Answering Adam: Why advertising spin does harm consumers

In response to Adam Ferrier’s article on whether advertising spin is actually OK, TV luminary Nick Murray argues it is not.

As Adam Ferrier correctly points out in his wonderfully provocative article the ABC’s consumer affairs show The Checkout takes aim at brands which charge more for products marketed by preying on desires and fears in nearly every episode. I make TV shows including The Checkout, so I thought I’d give a non marketer’s perspective.

checkout logoThe Checkout isn’t saying advertising is bad, nor that creating demand or triggering aspirational thoughts is sinful – there is nothing inherently dishonest about advertising a more glamorous pack and fragrance so everyone feels better about the product and hence themselves.

We are saying it is wrong or at least questionable for corporations to con and frighten their own customers into buying exactly the same product at vastly different prices based simply on different words on the label.

This week The Checkout highlights Allergan eye drops which are more than twice the price compared to exactly the same product, simply because one bottle mentions “Contact Lenses”. To me, this is calculated corporate fraud, rather than harmless marketing to create demand. It can’t be brushed away with the argument that ripping off consumers is good for the economy.

A cursory examination of the companies doing the conning, reveals that a large proportion of them are foreign. That in itself isn’t terrible either. But if the argument is that paying extra for the same thing stimulates the economy, it would be good if the profits from the rip-off stayed here.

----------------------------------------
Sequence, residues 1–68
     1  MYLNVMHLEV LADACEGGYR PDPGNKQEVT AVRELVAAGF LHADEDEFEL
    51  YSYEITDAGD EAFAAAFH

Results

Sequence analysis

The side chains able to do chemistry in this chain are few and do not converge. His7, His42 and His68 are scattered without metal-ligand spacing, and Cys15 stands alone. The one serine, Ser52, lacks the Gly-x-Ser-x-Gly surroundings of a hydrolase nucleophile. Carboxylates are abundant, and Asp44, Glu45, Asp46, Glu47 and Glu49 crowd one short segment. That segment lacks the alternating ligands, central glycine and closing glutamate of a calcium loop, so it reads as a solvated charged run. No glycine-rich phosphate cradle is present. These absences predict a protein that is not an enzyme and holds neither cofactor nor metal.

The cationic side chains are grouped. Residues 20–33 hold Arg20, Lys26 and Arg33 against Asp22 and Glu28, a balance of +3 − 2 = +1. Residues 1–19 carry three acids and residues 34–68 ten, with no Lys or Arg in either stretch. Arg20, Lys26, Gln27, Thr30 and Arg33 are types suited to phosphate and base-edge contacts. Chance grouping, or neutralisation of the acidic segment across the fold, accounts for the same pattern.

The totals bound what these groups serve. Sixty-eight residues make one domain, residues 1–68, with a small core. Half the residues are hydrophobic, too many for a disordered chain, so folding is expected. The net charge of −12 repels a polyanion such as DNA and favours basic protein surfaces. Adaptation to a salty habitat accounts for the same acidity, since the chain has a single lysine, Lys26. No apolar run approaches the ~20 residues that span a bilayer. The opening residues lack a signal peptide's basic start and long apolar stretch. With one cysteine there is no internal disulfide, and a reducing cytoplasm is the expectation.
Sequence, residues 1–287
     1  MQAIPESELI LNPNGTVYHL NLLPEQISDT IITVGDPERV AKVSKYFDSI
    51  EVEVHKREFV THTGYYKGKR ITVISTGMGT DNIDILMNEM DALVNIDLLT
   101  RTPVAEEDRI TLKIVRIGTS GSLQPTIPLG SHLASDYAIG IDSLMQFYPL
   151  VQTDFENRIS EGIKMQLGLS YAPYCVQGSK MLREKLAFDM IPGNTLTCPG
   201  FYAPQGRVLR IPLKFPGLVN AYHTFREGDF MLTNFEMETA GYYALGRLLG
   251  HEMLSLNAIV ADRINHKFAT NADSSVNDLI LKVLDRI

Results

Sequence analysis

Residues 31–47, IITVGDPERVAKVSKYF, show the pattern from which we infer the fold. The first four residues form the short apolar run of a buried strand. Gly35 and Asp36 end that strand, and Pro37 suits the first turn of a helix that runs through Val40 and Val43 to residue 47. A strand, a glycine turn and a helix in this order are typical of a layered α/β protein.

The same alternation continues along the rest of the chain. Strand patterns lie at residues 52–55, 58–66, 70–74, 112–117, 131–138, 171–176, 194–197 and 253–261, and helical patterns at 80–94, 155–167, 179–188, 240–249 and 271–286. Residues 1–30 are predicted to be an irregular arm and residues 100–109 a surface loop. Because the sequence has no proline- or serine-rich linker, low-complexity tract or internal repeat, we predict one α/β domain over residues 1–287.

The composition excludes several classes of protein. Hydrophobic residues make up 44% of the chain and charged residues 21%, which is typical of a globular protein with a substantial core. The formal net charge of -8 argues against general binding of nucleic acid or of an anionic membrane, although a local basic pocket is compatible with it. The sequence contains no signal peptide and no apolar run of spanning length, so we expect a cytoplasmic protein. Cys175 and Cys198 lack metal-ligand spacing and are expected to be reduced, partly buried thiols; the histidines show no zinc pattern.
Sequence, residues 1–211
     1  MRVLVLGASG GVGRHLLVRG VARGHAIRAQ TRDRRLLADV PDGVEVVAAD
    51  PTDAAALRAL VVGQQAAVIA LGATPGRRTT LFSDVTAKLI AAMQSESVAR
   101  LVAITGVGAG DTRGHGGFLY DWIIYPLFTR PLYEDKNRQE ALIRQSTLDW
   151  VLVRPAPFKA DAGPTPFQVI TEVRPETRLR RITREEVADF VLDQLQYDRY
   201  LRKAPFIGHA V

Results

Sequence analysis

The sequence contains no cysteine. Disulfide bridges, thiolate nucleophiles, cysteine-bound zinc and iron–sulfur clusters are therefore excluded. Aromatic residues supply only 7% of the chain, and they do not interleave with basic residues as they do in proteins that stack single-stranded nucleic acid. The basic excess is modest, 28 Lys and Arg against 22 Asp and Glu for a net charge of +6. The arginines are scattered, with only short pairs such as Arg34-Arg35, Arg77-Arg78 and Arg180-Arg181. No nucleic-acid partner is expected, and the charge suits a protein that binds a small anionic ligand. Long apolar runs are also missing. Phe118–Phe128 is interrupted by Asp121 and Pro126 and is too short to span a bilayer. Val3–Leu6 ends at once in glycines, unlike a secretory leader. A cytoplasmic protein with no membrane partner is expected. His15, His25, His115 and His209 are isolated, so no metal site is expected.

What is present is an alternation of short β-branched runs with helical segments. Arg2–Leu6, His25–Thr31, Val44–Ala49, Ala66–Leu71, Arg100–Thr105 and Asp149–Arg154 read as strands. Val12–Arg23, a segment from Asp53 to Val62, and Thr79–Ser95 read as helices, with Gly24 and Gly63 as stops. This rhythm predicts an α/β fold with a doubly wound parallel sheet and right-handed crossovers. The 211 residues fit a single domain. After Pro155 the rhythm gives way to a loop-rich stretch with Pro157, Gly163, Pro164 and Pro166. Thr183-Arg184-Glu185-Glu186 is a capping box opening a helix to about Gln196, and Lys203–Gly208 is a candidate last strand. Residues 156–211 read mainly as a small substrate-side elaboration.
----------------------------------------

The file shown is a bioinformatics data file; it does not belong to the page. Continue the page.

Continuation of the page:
But companies like Johnson & Johnson (Baby Skincare), Allergan (Refresh Eye Drops), Reckitt Benckiser (Nurofen) are foreign operations. So whatever stimulus effect unnecessarily paying extra for their product creates, it evaporates into the offshore operations. In fact, depending on the tax structure of the company, they may not even pay tax on these additional profits in Australia or indeed anywhere.

And if stealing money from unwitting consumers can save the planet’s finite resources, then this doesn’t explain why Allergan can overprice an essential product for contact lens users. The same resources are used in both products. You can buy a bottle of Allergan Refresh “Tears Plus” for $7.30 instead of Allergan Refresh “Contacts” for $15.80 – they are exactly the same product but one costs 216 per cent more than the other.

At The Checkout, we don’t think this is the fault of advertising, it’s plain old profiteering by the manufacturer (or “Brand”).

That, in turn, is ripping off customers and leaving them with less to spend on the categories that do spend money on advertising – like beer and pizza.

Last year Nick Murray spoke to Encore about making The Checkout.

Nick Murray is managing director or production company CJZ and executive producer of The Checkout.


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